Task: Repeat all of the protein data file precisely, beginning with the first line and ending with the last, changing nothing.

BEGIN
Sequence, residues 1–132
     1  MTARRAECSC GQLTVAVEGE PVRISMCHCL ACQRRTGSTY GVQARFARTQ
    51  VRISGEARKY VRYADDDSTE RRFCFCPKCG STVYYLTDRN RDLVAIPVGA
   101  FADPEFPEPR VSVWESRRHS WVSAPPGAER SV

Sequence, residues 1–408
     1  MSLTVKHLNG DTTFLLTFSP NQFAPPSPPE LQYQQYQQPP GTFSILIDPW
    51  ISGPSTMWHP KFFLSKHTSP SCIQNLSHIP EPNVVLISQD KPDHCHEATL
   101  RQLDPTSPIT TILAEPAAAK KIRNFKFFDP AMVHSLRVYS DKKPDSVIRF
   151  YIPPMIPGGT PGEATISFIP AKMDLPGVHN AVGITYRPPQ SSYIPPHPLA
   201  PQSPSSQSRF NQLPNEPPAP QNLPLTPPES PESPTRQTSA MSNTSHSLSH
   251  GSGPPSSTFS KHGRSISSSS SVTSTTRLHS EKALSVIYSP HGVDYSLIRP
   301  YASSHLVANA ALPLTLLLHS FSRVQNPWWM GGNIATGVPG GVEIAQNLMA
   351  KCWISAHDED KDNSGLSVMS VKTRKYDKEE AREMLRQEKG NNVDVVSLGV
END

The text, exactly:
Sequence, residues 1–132
     1  MTARRAECSC GQLTVAVEGE PVRISMCHCL ACQRRTGSTY GVQARFARTQ
    51  VRISGEARKY VRYADDDSTE RRFCFCPKCG STVYYLTDRN RDLVAIPVGA
   101  FADPEFPEPR VSVWESRRHS WVSAPPGAER SV

Sequence, residues 1–408
     1  MSLTVKHLNG DTTFLLTFSP NQFAPPSPPE LQYQQYQQPP GTFSILIDPW
    51  ISGPSTMWHP KFFLSKHTSP SCIQNLSHIP EPNVVLISQD KPDHCHEATL
   101  RQLDPTSPIT TILAEPAAAK KIRNFKFFDP AMVHSLRVYS DKKPDSVIRF
   151  YIPPMIPGGT PGEATISFIP AKMDLPGVHN AVGITYRPPQ SSYIPPHPLA
   201  PQSPSSQSRF NQLPNEPPAP QNLPLTPPES PESPTRQTSA MSNTSHSLSH
   251  GSGPPSSTFS KHGRSISSSS SVTSTTRLHS EKALSVIYSP HGVDYSLIRP
   301  YASSHLVANA ALPLTLLLHS FSRVQNPWWM GGNIATGVPG GVEIAQNLMA
   351  KCWISAHDED KDNSGLSVMS VKTRKYDKEE AREMLRQEKG NNVDVVSLGV